The Canadian federal government's attempt to censor or to marginalize pro-Palestinian individuals and organizations is a serious problem facing Canada's Arab and Muslim communities. This campaign even threatens our democratic traditions and the independence of many institutions.
An example of censorship is the Harper government's decision to ban British Member of Parliament George Galloway from entering the country.
He gave money and food to Hamas, the duly elected governing authority in Palestine, and because of this humanitarian act he was denied the right to express his opinions on the Middle East. Having a British MP publicly oppose the Israeli siege of Gaza, the occupation of Iraq, and the war in Afghanistan would have been inconvenient to Prime Minister Stephen Harper and Citizenship Minister Jason Kenney, both strong proponents of Israel and supporters of George W. Bush's "war on terror."
The question becomes: Will the present Conservative government also ban Andrew Phillips (Lord Sudbury), a Liberal Democrat in the British House of Lords?
Will it ban other British MPs who have called for an end to the collective punishment being imposed on Gaza?
On Jan. 21, 2010, 12 Members of the European Parliament took part in the most representative parliamentary delegation ever to visit Gaza.
The delegation also contained members of regional and national parliaments from these countries--in total, nearly 60 parliamentarians. They entered Gaza from Egypt through the Rafah Crossing on a fact-finding mission to gather information about the humanitarian situation in Gaza, which has been under siege since Hamas won the 2006 election.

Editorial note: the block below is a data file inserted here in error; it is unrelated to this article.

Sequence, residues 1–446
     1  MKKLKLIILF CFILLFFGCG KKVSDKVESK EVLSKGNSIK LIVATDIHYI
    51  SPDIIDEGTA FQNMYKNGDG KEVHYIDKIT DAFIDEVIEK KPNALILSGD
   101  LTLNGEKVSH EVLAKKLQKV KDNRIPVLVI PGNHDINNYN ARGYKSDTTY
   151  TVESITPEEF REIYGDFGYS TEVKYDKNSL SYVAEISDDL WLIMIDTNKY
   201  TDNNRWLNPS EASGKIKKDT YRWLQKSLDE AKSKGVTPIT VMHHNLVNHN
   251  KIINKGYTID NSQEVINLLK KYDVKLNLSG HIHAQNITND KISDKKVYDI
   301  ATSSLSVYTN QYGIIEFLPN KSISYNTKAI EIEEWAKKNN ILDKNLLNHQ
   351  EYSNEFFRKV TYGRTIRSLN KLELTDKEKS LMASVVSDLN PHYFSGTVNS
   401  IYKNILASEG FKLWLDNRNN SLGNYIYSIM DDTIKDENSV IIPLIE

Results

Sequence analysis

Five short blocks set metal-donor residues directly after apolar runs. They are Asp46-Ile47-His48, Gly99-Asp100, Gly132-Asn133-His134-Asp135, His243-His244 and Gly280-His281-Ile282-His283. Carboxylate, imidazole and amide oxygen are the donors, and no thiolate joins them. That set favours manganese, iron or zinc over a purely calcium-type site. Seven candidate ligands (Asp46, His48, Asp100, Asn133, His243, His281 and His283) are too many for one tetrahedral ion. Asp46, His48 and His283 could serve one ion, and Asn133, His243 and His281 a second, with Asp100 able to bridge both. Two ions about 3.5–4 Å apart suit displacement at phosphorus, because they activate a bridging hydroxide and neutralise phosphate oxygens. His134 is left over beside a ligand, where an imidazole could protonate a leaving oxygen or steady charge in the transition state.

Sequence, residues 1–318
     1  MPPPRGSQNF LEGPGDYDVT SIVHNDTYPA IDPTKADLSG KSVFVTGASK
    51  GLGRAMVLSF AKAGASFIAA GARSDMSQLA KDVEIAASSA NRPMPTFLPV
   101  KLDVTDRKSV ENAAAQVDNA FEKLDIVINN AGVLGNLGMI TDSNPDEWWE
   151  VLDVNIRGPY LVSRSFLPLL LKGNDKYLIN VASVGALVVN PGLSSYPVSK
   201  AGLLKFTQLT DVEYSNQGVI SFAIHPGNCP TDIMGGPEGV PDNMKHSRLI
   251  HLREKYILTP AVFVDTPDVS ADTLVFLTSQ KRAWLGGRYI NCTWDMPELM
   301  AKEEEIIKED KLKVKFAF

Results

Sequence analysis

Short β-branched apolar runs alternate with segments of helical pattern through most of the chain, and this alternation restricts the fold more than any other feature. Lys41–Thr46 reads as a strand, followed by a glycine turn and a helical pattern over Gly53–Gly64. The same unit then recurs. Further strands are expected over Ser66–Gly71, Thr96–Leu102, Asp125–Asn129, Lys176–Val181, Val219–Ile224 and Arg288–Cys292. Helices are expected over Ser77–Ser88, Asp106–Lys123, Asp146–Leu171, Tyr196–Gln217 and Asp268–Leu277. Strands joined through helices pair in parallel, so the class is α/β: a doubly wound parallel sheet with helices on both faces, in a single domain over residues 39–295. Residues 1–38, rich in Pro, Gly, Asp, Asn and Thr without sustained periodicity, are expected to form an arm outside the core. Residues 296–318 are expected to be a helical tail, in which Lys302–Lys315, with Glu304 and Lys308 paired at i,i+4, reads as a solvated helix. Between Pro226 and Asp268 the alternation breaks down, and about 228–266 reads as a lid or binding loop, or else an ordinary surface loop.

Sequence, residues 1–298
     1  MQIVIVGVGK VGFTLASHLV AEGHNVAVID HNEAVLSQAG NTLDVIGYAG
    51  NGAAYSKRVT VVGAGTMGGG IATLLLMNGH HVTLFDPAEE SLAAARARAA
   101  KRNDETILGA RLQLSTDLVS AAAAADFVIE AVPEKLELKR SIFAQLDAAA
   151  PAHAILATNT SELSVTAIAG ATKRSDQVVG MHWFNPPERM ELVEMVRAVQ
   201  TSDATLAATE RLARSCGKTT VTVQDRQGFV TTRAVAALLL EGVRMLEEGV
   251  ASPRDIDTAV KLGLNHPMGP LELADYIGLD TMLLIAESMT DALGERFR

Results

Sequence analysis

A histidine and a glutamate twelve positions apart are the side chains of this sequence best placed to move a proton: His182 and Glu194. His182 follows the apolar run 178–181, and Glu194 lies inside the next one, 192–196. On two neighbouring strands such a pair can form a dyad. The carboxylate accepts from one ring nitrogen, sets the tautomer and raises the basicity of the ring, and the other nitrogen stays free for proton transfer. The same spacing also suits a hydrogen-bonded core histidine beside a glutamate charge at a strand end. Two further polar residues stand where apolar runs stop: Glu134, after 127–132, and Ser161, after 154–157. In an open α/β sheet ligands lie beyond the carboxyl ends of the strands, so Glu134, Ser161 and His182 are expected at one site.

The mission was organized by the European Campaign to End the Siege on Gaza (ECESG), the umbrella body of 30 NGOs across Europe. It was led by Jewish MP Sir Gerald Kaufman.
Will the Harper Government to ban Kaufman and these 60 MPs because they entered Gaza and met with local elected Palestinian officials?
Numerous other politicians--including Vice President of the European Parliament Luisa Morgantini, Bishop Desmond Tutu and former U.S. President Jimmy Carter have also called for an end to the siege of Gaza.
Would they be allowed in? Would Nelson Mandela be banned if he sent food to the 1.5 million Palestinians in Gaza who are being slowly starved to death?
Unfortunately, the Galloway incident seems to be part of a pattern of deliberate harassment. Here in Canada, the Harper government, through Kenney, abruptly canceled English-language training funding to the Canadian Arab Federation because its leaders criticized Kenney's public support for Israel's attack on Gaza.
What did Kenney expect from a national organization that represents Canada's Arab community--a ringing endorsement of his support for the Israeli attack on the Arabs in Gaza?! The matter is now the subject of a legal action at the Federal Court of Canada, where leave was granted to pursue the claim against Kenney.
The government also canceled funding to Kairos, an internationally known Christian human rights organization, which is officially supported by the seven largest Christian denominations in Canada.
Kairos' human rights work includes projects in Africa, Asia, Latin America and the Middle East. While addressing the Global Forum to Counter Anti-Semitism in Jerusalem, Kenney cited the defunding of Kairos as an example of his government's fight against anti-Semitism.
After 35 years of Canadian government support, this Christian human rights organization is suddenly labeled "anti-Semitic" and stripped of its ability to fund its international commitments. This was a politically motivated attack because of Kairos support for Palestinians and other marginalized groups.
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